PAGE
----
Beliefnet News

Associated Press
Manila, Philippines – July 19, 2007 – An Italian missionary priest kidnapped more than a month ago has been released after negotiations with a rogue faction of a Muslim separatist group, Philippine police said Friday.
The Rev. Giancarlo Bossi, 57, was kidnapped June 10 in the Southeast Asian nation’s volatile south.
Chief Superintendent Jaime Caringal, a regional police commander, said the Roman Catholic priest was freed at about 9 p.m. Thursday along the boundary between Lanao Del Sur and Lanau Del Norte provinces. “He is well, but he lost a lot of weight,” Caringal said.
In Rome, Italian Premier Romano Prodi announced the release. “Father Giancarlo Bossi has been freed … I’m truly emotional, happy,” Prodi said. “Today is his mother’s birthday, so it was also a very lucky coincidence.”
On July 10, a Philippine marine convoy searching for Bossi was ambushed by Muslim insurgents in jungle on the southern island of Basilan, and 14 troops were killed. The military blamed the al-Qaida-linked Abu Sayyaf for the clash.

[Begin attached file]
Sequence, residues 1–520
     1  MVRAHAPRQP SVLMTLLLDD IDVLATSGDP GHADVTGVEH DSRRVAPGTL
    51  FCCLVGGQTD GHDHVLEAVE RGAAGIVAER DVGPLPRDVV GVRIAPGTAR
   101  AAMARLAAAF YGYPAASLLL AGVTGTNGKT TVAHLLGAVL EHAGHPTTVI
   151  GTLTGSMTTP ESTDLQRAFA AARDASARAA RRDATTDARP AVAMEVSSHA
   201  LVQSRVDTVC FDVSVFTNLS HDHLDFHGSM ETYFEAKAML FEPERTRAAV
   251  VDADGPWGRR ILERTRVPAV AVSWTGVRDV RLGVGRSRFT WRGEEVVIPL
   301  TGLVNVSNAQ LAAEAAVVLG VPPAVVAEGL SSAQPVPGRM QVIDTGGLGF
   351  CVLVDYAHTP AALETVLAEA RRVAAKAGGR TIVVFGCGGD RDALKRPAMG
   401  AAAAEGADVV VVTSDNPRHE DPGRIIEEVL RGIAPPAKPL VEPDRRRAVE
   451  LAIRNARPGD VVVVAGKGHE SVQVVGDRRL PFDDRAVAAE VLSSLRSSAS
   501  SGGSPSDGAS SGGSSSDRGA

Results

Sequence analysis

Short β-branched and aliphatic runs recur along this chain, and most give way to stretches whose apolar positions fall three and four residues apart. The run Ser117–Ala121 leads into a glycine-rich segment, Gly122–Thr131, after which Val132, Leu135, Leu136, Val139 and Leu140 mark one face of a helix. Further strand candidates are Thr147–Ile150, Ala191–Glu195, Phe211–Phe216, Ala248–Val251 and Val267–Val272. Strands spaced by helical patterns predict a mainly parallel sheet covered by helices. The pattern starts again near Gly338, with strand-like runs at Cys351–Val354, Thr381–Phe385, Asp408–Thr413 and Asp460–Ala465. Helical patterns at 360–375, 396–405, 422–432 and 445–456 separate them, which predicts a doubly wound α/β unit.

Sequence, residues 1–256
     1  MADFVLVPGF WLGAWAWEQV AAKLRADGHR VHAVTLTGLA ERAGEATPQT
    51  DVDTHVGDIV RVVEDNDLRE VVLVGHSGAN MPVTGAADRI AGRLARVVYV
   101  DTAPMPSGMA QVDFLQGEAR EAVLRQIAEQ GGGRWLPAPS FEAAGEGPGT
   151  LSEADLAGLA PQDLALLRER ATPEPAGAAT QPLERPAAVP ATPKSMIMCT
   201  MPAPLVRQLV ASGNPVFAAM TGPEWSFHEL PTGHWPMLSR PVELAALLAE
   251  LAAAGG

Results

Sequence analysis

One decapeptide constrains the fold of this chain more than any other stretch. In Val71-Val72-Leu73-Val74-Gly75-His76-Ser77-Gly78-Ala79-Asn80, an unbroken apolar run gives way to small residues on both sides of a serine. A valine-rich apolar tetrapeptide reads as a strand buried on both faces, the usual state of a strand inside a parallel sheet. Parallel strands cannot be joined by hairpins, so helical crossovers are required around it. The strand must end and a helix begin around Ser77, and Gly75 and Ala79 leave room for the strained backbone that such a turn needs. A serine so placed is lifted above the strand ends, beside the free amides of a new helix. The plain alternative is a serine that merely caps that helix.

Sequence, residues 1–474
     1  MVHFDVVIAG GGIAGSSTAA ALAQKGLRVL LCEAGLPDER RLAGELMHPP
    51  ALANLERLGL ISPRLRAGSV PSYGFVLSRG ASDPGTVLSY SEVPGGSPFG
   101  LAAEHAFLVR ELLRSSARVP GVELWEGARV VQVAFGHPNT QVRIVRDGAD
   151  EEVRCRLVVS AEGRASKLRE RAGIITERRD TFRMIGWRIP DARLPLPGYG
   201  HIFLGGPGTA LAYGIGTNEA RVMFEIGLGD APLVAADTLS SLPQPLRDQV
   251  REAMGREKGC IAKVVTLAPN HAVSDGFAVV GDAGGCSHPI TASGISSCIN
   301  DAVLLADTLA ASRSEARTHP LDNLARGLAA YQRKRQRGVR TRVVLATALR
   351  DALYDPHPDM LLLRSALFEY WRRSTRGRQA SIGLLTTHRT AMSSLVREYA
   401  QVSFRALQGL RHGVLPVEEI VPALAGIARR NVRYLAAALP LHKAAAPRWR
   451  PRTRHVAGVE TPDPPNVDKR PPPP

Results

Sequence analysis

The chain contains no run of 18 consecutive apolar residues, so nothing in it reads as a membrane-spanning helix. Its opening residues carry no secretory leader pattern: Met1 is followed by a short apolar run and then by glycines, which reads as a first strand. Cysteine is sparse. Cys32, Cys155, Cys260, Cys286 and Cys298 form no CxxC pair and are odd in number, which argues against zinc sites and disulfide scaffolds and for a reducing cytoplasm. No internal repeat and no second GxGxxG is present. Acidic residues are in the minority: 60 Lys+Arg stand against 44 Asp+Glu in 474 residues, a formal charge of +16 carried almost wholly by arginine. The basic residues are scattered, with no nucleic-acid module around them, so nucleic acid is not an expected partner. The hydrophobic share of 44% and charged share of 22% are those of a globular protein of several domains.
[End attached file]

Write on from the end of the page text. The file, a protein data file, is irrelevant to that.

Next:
Pope Benedict XVI said last week that he was praying daily for Bossi, and Italy sent a longtime diplomat, Margherita Boniver, to the Philippines to work for his release. Benedict received the news of Bossi’s release with “great joy,” according to Vatican spokesman Rev. Federico Lombardi.
Copyright 2007 The Associated Press. All rights reserved. This material may not be published, broadcast, rewritten or redistributed.

Associated Press
Washington – President Bush signed an executive order Friday spelling out new interrogation techniques for terrorism suspects that bar cruel and inhumane treatment, humiliation or denigration of prisoners’ religious beliefs.